This morning, an article in The Washington Times noted that Newt Gingrich’s campaign was likely to miss the Ohio filing deadline to be on the GOP primary ballot — Wednesday, December 7, 4pm EST. But that’s not the full story: that is an old deadline because the Ohio legislature recently moved its GOP presidential primary from March to June, and with it, the filing deadline. Gingrich is not missing the actual deadline.
In Ohio, the deadline for filing to be on the primary ballot is 90 days before the primary, which means that the new deadline for now-scheduled June primary is March 14, 2012.
However, the story gets a little bit complicated because the law pushing back Ohio’s primary has not yet taken effect. That means that while the deadline the Times reported on this morning is currently the formal deadline, once the new bill goes into effect in by January 20, 2012, the deadline will be moved and the old filing requirements will no longer matter.
What makes the story even more complicated, according to Matt McClellan, spokesman for the Ohio Secretary of State, is that the candidates were advised by the Secretary’s office to adhere to the old December deadline just in case the legislature again changed the date of the primary (which it has done a few times in the last few months). If the legislature were to move the Presidential primary back to March — when local primaries are still being held — then “if they didn’t file by today they wouldn’t have a second opportunity - so it’s more of an advice that our office has given,” McClellan told TPM. However, he noted that because of the new primary date, “they could wait.”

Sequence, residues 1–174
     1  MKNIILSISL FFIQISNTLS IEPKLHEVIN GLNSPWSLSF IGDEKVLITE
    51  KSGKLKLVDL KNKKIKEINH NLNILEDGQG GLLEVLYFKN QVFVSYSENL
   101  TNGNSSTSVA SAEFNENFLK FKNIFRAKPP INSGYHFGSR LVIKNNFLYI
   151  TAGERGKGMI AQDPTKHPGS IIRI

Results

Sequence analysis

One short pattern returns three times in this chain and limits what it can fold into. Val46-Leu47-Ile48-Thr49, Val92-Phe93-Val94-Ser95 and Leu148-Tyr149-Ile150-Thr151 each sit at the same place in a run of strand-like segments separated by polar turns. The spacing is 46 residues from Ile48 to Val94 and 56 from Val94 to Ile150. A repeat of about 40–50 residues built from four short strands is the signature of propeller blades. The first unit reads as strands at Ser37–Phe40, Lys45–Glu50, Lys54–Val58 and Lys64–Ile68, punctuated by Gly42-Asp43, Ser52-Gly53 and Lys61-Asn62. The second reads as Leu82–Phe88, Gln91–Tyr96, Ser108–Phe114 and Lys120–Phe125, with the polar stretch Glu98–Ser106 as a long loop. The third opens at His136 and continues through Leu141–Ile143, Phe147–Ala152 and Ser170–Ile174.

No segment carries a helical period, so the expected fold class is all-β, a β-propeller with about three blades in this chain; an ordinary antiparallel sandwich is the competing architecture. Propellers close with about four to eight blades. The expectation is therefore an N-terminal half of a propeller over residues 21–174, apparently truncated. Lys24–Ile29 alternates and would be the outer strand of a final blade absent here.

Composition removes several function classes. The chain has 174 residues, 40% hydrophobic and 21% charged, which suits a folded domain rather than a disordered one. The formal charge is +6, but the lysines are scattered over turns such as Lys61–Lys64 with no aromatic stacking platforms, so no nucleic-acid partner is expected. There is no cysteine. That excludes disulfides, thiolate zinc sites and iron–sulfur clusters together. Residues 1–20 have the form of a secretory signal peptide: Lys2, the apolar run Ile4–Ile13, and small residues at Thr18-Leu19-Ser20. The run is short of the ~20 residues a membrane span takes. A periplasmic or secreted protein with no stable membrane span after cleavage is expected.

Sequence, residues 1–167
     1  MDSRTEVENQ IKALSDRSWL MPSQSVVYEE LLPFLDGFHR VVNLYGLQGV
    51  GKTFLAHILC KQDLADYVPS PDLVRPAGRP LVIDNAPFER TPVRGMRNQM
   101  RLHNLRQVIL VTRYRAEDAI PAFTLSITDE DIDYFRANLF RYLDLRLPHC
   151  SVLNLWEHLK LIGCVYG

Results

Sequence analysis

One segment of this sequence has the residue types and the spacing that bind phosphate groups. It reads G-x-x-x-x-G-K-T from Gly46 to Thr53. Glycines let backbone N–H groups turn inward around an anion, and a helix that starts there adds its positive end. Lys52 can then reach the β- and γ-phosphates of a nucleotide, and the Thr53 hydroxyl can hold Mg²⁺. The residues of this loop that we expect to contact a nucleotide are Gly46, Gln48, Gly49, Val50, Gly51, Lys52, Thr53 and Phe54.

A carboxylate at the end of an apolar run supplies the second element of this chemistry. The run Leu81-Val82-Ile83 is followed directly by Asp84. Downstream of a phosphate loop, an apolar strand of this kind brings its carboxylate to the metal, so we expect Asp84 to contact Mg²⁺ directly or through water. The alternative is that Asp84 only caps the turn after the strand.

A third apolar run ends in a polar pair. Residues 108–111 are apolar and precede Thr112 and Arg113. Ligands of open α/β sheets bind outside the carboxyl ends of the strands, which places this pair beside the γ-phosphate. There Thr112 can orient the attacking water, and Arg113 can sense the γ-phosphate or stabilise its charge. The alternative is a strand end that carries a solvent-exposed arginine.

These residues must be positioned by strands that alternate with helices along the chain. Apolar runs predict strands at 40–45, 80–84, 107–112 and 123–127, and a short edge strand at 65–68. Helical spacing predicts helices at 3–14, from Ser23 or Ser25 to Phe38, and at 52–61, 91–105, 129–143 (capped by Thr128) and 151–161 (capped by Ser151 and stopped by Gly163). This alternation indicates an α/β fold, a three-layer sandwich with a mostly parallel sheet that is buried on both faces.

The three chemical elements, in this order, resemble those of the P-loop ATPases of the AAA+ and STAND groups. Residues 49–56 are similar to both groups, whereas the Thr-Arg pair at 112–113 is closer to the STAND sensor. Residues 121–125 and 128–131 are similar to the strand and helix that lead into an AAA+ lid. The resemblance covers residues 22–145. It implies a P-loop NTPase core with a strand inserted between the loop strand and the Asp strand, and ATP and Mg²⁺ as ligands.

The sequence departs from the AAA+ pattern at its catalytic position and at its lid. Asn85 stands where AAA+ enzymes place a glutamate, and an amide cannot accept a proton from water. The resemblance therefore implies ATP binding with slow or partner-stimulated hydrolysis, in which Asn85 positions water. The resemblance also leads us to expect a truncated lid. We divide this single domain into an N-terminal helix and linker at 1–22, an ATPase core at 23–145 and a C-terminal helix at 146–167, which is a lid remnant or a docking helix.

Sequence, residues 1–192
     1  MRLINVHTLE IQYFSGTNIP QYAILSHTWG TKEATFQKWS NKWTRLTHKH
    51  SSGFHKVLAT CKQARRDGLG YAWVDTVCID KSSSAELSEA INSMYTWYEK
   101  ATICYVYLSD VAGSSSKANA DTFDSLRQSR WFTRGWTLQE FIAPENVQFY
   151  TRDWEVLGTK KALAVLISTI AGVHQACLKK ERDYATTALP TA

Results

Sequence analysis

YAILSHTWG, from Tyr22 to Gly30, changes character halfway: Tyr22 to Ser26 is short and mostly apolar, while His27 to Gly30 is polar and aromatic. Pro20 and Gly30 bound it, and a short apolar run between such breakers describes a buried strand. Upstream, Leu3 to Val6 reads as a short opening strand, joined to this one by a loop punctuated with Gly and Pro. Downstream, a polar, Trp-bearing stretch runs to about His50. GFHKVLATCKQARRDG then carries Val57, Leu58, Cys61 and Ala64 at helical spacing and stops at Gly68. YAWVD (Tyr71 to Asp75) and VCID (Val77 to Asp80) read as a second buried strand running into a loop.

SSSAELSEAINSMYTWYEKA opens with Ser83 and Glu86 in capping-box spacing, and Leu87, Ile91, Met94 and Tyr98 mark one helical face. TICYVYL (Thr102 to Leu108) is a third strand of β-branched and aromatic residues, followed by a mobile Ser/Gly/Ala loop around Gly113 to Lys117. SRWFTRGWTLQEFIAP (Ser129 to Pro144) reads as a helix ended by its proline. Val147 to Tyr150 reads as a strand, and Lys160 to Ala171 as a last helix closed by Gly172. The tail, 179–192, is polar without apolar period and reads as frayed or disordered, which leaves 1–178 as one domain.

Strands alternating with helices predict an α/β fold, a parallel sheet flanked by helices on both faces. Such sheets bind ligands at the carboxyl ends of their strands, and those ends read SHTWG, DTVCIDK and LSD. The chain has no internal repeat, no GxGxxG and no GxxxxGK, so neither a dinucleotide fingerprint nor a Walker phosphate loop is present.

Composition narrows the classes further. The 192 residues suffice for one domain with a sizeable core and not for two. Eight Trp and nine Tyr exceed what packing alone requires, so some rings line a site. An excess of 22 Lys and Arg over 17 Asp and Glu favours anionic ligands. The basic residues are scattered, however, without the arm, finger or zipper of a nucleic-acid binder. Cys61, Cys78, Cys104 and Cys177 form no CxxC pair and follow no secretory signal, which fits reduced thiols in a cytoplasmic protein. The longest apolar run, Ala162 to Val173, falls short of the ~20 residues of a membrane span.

The Times article noted that missing the deadline would be a sign that despite Newt’s rise in the polls, his campaign organization had some catching up to do. Moreover, it cited his critics who felt that this was typical of Newt’s erratic leadership style which was much better on big-picture strategy but lacking in discipline and attention to detail.
That’s not entirely untrue. For example, Gingrich didn’t have an office in Iowa until last week. And even though they aren’t missing what will be the real deadline in Ohio, they did miss a primary deadline in Missouri and, according to the Times, submitted forms in New Hampshire that were messy and handwritten.
Gingrich Spokesman R.C. Hammond told the Times, “We are going to give it our damnedest. We are going to do everything in our capacity to meet this deadline.” He also affirmed that the campaign was on schedule with several other state filing deadlines this month. Hammond insisted it was intentional because the Missouri caucuses a month later are where delegates are actually chosen.
It’s unclear from these comments whether the Gingrich campaign knew when the real deadline was, or whether they were scrambling to meet the “advised” deadline. Hammond was not able to comment immediately.
Pema Levy is a News Writer at TPM covering the 2012 election. Before coming to TPM, Pema was an assistant editor at The American Prospect where she wrote about politics and the economy.